The Readymade World of Marcel Duchamp

by Lindsay Shapka in , ,

When I was studying Art History, the most fascinating artists to me were the ones that made an effort to do something entirely different — the men and women that stuck their tongue out at the norm and refused to make the highbrow art world happy.

The wacky Marcel Duchamp, a Parisian who moved to New York in 1915 to escape the war, was one of these artists.

Bicycle Wheel, 1913      Marcel Duchamp    

Duchamp is most well known for his readymades — an object from popular or material culture presented as-is, without any further manipulation, as an artwork by an artist.

He believed that art should appeal to the intellect and not the senses, and thought that presenting everyday objects as art would do just that. 

His most notorious (and hilarious) readymade was the Fountain (below) —  literally a urinal that was turned 90 degrees and signed with the pseudonym "R. Mutt", a play on the manufacturer J.L. Mott Iron Works.

Fountain, 1917      Marcel Duchamp

Duchamp submitted the work anonymously to the first annual exhibition of the American Society of Independent Artists in 1917 as a test to see how open the Society was (ironically he was a founding member himself). Not surprisingly, the majority of the Society's member's declared that the piece was NOT art and they refused to exhibit it in the show.

Duchamp immediately resigned from the Society. 

Stieglitz's photo above is the ONLY known image of the original Fountain, as it mysteriously disappeared after it was rejected by the Society in New York.

Duchamp dealt with this loss by producing several more versions of the Fountain by simply buying new urinals and signing them "R. Mutt/1917" (one of the copies can be seen at SFMOMA — San Francisco Museum of Modern Art).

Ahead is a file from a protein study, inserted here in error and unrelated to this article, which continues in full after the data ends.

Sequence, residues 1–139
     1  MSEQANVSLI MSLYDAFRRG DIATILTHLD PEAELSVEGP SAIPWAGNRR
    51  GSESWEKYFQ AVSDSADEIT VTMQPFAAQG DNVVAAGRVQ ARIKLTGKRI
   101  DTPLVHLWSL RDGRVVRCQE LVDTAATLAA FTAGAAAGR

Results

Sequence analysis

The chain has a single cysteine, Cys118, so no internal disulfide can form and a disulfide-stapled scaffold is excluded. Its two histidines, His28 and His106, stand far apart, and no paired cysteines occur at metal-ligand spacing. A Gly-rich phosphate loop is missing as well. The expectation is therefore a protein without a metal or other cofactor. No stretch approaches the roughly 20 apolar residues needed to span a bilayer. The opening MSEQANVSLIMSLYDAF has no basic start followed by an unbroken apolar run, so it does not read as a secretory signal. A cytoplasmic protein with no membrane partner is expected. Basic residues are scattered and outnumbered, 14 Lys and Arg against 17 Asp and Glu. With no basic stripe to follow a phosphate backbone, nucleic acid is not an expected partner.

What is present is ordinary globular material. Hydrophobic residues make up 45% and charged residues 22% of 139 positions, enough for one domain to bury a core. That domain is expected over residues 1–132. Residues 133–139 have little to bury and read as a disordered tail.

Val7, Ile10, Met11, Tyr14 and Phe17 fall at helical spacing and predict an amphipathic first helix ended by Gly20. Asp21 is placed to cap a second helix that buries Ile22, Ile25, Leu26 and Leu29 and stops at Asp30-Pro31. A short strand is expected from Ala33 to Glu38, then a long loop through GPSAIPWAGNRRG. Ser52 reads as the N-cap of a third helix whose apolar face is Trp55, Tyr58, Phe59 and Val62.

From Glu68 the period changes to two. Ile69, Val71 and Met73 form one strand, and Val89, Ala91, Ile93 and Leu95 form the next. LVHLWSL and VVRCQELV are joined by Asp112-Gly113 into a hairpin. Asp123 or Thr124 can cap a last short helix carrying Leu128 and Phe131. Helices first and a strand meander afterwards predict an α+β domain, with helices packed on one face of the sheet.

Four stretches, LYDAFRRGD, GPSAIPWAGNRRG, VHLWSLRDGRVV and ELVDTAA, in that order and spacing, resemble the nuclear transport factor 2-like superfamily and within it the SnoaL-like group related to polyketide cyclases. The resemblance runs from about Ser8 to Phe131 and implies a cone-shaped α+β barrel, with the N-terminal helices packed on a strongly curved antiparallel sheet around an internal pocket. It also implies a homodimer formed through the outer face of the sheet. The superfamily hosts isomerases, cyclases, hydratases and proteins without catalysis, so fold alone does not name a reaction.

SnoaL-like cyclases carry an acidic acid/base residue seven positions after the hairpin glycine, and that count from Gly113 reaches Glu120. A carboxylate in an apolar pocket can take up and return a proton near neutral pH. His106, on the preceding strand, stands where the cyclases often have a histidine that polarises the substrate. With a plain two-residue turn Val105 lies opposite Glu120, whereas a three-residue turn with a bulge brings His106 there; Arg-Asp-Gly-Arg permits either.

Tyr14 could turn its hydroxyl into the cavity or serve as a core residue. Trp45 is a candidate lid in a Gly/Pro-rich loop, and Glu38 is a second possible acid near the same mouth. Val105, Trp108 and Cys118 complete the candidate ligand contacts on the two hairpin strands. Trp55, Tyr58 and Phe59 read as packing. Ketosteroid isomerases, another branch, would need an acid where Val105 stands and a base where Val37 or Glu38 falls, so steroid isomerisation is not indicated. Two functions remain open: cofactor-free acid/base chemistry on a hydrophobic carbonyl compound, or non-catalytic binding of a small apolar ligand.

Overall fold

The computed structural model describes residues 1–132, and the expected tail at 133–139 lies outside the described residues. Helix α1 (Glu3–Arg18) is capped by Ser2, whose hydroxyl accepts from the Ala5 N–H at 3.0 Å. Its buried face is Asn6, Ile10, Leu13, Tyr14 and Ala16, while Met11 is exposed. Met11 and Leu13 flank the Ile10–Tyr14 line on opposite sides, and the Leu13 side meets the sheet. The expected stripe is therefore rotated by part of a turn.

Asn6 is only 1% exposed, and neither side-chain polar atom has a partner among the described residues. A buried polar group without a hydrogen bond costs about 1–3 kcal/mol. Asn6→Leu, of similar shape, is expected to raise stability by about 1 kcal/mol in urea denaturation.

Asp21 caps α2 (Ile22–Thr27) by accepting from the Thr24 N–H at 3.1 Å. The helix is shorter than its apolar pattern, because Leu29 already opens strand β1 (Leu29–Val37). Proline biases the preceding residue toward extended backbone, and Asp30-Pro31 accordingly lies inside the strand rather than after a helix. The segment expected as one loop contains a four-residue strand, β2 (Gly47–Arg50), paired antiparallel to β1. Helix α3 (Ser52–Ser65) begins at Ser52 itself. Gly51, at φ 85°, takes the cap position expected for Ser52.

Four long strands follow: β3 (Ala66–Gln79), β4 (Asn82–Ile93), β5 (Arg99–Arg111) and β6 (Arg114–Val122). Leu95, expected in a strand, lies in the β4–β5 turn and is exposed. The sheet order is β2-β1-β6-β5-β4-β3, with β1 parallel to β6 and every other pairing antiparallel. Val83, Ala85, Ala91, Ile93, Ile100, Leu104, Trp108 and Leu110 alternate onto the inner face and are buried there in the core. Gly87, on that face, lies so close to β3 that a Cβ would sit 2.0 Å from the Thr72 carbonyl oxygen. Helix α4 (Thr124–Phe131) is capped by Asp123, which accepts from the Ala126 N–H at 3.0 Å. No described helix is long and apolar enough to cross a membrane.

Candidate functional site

Whether you agree that it is 'art' or not, you have to admit that these works elicit a reaction, and I would think a reaction to their work — which usually leads to a conversation — is ultimately what any artist hopes for. 

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When Modern Art Is Packing Tape In The Shape of A Streetlight

by Lindsay Shapka in ,

There’s a quote that comes to mind when looking at this work by Igor Eskinja, an artist from Croatia: "Modern Art = I could do that + Yeah, but you didn't."

Modernism, as an art movement, originated in the early 20th century in tandem with momentous changes in politics, economics, and science. The developments in art and culture were a way of exploring new possibilities of expression, especially abstraction, in a rapidly changing world. 

This work, titled Liberare Le Menti Occupare Gli Spazi is made from cheap packing tape and is applied directly to the wall of the gallery. Echoing the fleeting, fast-moving quality of the modern world, Eskinja creates his art using ephemeral materials applied directly to gallery surfaces.

This work is destroyed after each exhibit and the artist himself often doesn’t even create the art but sends measurements and instructions for the curators to do the installation themselves. 

I often find myself shaking my head when walking into a gallery with a show like this and asking myself who it was that decided packing tape, tape gun still attached, on the wall was art. 

I could do that… a small child could do that! 

But I guess what it comes down to is that fact that I didn’t do it, Igor Eskinja did, and somebody, somewhere thought that it mattered.

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